(Host) Howard Dean’s presidential campaign has become an Internet cash machine. Dean raised $7.5 million in the last three months. About $3 million was collected online in the last week of June. The fundraising success stems from a number of factors, including a loyal core of young supporters, and the campaign’s skillful use of technology.
VPR’s John Dillon takes a look at the reasons behind Dean’s online offensive:
(Dillon) The numbers tell the story of Dean’s fundraising success. In the last three months, more than 45,000 people used the Internet to send money to the former Vermont governor. Some clicked on more than once, because the online donors gave a total of 51,474 times. The average donation was around $74. Almost $800,000 poured in on the last day alone.
(Peter Welch) “Who said the Internet bubble burst? Dean has proven it’s alive and well.”
(Dillon) Windsor County Democratic Senator Peter Welch is a Dean ally who has followed the candidate’s career for years. He says Dean succeeded because he combined both the medium and the message.
He says Dean has galvanized supporters with his blunt criticism of President Bush. According to Welch, the message struck a chord with young voters, who are comfortable with Internet organizing. And, Welch says, Dean got a tremendous boost from an Internet poll conducted last week by the online advocacy group, MoveOn.org.
(Welch) “And what they did tactically in the campaign, which is brilliant, is they changed the first primary from Iowa and New Hampshire to the Internet and the MoveOn.org poll. And they’ve translated that into visible support both in the form of money, astonishing money, and volunteers. So he’s transformed the nature of the campaign.”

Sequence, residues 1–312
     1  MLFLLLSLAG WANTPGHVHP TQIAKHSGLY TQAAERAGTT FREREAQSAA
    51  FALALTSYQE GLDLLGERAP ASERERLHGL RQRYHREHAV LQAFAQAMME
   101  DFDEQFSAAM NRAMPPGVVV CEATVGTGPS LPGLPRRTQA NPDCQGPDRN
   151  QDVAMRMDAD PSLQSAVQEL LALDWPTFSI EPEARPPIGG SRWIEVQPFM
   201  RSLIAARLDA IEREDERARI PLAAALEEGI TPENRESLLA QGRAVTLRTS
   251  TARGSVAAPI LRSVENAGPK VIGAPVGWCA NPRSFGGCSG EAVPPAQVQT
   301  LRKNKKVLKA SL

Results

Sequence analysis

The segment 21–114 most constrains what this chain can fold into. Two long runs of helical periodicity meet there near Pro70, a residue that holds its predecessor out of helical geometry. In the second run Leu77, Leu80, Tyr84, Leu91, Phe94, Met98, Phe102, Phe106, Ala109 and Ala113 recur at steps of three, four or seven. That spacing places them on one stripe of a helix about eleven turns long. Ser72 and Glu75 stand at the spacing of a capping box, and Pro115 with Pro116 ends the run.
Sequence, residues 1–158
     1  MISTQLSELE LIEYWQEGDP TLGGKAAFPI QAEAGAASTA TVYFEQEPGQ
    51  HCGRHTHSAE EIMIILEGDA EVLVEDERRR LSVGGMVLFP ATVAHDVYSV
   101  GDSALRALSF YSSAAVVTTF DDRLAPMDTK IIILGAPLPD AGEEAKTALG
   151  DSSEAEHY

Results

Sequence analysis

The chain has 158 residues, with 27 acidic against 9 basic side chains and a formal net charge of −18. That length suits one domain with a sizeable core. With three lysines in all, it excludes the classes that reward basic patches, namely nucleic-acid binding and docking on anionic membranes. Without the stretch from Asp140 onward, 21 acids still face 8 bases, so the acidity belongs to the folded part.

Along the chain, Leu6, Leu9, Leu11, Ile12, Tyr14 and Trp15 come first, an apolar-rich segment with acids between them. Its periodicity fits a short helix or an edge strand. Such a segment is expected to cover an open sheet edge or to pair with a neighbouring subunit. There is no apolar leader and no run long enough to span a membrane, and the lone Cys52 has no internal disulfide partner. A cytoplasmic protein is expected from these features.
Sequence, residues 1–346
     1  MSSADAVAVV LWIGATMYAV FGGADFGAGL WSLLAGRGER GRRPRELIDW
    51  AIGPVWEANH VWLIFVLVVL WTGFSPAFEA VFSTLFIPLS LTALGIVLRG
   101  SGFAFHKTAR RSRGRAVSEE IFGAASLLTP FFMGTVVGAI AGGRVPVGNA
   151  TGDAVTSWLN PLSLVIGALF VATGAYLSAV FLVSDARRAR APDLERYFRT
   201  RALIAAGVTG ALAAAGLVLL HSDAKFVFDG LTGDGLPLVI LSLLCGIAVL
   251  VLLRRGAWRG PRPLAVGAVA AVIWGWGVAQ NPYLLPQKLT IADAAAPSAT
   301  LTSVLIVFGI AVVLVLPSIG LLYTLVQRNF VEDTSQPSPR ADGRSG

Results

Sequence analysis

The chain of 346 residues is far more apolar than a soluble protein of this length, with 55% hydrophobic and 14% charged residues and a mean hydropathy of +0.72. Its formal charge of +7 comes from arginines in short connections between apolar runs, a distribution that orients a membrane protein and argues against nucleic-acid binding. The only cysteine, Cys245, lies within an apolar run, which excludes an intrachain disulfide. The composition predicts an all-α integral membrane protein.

(Dillon) Dean got 44% of the 318,000 votes cast in the MoveOn.org poll, more than twice as many as his closest rival.
But long before the online poll, Dean was the dominant cyberspace candidate. A study by George Washington University’s Institute for Politics, Democracy and the Internet shows Dean has spawned at least 293 online discussion groups. That’s more than the eight other Democratic candidates combined. The Dean campaign has also inspired 44 separate volunteer Web sites, as well as numerous blogs. These are free form Web logs, or online daily journals. One Dean blogger even put the candidate’s words to a driving musical beat. (Sound of song, “Disco Dean.”)
Of course, Dean’s fundraising trails far behind President Bush, who collected $34 million in the second quarter. Yet Bush got only $700,000 online, less than Dean gathered in one day from the Internet.
Brown University political science professor Daryl West says Dean has found a very cheap way to raise money.
(West) “The wonderful thing about the Internet is that you can raise money virtually free. With any other fundraising avenue you have to spend a lot in order to raise the money, either through direct mail which is very expensive or by having fundraising dinners, which also are big productions and require a substantial staff in order to organize them.”
(Dillon) Although every campaign has a Web presence, West says Dean’s is much better organized.
(West) “I think Dean has a real advantage on the Internet, because he’s figured out not just how to reach people through the Internet, but to use email and video conferencing facilities online. So he’s really using technology in a much more creative way than any of the other presidential candidates.”
(Dillon) The Web sites and daily blogs have another advantage as well. They allow the candidate to by-pass traditional political reporting, and reach voters directly with campaign news.
The campaign’s Internet organizing continues. On Wednesday night, about 53,000 Dean supporters met across the country to plan their next steps. The hundreds of meetings were all planned online.
For Vermont Public Radio, I’m John Dillon.